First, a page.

Was the Wealth Shared?
from the book, "Our Fascinating Earth"
Was the Wealth Shared?
The Valley of the Kings is a rocky wasteland on the western bank of the Nile River across from the ancient Egyptian capital of Thebes. Here it was that most of the great kings and nobles were buried in the utmost secrecy to prevent grave robbing.
Belief in the hereafter was strong among the ancients, especially in regard to royalty. Great pains were taken to provide unbelievable riches and to anticipate needs in the life after death. This was clearly reflected in the incredible expenditures that went into the building of tombs and temples as well as their fabulous contents.
It was the Egyptians themselves, motivated primarily by greed, who were the first to desecrate their dead and destroy the mummies of many great pharaohs. Tomb robbery became a well—organized business in ancient Thebes. The tombs were ransacked for their treasures by cunning, well—armed grave robbers, often working in close collaboration with corrupt, greedy priests and well—bribed officials.
By the end of the Twentieth Dynasty almost all of the royal tombs had been opened illegally by professional thieves. The depredations by tomb robbers were so thorough that most of the royal treasures vanished forever long before early archaeologists arrived to complete the process of destruction.
It seems ironic that, despite the great pains taken for secrecy in site location, every tomb had been ransacked and stripped; that is, all but one.
In 1922, when Howard Carter peered through a slit he had made in a door, his hands quivered and his breath was short. He knew he was about to uncover lost history. He thrust a lighted candle into the slit and gazed in amazement. Standing behind him, Lord Carnarvon anxiously inquired as to what he saw. Carter replied, "I see wonderful things." He later recorded, "As my eyes became accustomed to the light, details of the room within emerged slowly from the mist, strange animal statues and gold — everywhere the glint of gold." He had discovered the almost undisturbed and long forgotten tomb of Tutankhamen.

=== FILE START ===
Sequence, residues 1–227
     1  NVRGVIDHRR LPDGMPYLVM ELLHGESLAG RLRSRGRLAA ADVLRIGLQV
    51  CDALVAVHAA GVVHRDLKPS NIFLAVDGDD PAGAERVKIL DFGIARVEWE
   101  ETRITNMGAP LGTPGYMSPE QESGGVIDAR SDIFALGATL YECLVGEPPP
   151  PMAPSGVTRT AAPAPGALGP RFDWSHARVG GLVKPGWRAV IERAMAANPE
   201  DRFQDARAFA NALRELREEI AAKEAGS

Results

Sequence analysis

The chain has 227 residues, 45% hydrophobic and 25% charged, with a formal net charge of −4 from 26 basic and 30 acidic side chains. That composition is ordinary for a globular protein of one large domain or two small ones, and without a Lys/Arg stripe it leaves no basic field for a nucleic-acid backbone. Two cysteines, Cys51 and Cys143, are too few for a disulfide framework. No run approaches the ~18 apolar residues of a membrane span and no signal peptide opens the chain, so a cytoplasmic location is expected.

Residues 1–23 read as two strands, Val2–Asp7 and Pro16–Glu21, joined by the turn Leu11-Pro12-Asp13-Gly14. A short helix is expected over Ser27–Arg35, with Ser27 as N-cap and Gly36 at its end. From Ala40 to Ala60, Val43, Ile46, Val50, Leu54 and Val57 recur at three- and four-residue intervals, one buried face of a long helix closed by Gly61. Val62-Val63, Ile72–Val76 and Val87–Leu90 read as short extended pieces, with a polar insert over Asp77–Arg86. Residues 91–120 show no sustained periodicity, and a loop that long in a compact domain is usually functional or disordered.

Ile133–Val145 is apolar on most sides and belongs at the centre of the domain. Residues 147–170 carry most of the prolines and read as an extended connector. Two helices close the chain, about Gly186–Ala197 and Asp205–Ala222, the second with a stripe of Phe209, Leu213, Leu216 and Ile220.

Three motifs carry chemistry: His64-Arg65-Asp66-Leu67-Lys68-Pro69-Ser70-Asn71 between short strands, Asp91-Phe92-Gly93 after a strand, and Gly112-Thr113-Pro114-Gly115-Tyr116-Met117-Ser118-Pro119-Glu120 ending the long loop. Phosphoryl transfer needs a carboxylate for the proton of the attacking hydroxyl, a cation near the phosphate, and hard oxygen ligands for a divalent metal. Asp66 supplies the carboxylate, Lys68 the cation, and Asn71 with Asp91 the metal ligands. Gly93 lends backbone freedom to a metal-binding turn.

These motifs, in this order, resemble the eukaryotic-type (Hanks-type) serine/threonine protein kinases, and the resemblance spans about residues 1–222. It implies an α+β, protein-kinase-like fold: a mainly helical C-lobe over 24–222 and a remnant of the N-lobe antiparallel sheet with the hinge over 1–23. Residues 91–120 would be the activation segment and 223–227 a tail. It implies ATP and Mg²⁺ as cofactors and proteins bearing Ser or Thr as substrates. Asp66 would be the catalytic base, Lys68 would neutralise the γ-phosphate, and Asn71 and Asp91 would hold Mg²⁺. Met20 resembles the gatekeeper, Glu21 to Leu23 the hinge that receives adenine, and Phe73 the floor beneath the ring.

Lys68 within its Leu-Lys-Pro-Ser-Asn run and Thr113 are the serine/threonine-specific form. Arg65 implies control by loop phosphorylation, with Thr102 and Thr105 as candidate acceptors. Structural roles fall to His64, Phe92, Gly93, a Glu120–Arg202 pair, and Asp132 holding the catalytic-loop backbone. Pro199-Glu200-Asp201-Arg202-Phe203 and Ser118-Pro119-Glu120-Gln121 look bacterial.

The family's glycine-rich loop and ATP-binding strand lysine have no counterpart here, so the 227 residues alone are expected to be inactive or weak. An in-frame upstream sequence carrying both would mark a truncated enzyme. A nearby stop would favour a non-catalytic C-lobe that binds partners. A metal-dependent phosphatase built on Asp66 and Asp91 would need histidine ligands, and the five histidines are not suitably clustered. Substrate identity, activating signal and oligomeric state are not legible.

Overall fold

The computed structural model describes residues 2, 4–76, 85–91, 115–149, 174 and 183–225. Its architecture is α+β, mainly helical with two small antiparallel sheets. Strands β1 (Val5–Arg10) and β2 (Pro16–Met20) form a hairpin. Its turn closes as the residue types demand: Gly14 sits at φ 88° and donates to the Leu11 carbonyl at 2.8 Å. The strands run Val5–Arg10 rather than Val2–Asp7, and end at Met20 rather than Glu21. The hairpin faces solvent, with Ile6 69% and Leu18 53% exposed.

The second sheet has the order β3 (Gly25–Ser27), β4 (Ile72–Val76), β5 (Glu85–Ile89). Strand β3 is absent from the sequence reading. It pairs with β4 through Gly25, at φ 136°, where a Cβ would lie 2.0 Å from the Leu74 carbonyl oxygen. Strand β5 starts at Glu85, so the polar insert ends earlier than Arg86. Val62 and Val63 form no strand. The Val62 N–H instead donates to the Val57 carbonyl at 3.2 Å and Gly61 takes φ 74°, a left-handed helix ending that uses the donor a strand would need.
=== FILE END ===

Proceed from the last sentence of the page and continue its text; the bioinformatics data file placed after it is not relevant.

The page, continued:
Tutankhamen, the boy king of ancient Egypt from 1348 to 1339 B.C., was the only pharaoh whose tomb was discovered intact. Ancient grave robbers had actually entered the tomb but never reached the burial chamber.
The mummy of the boy king was encased in a nest of three coffins, the inner being the most spectacular. It was six feet, one inch long and weighed 2,448 pounds. It was composed of solid gold! As a work of art the coffin is priceless, but the value of the gold making up the third coffin would be, at the current fluctuating price of gold, worth over $10 million!
Although Tutankhamen was a lesser king, the total riches found in his burial chamber are mind—boggling. It is even more difficult then to comprehend the wealth that must have been buried with the great pharaohs such as Ramses II. The treasures that were to accompany him to the next world would probably stagger the imagination.
Scientists recently have been taking a second look at Egyptian tomb robbing to discover what happened to all the treasures buried in the tombs. More gold appears to have been buried with Egyptian kings than has been accumulated by Western man throughout history. Yet only a minute fraction of the Egyptian treasure has ever been found, since the royal tombs were routinely robbed back in ancient times. Under these circumstances one can't help wondering how and why each successor to the throne became fabulously rich in a very short time while his predecessor's tomb was systematically robbed. Was the wealth, as scientists suspect, stealthily passed on?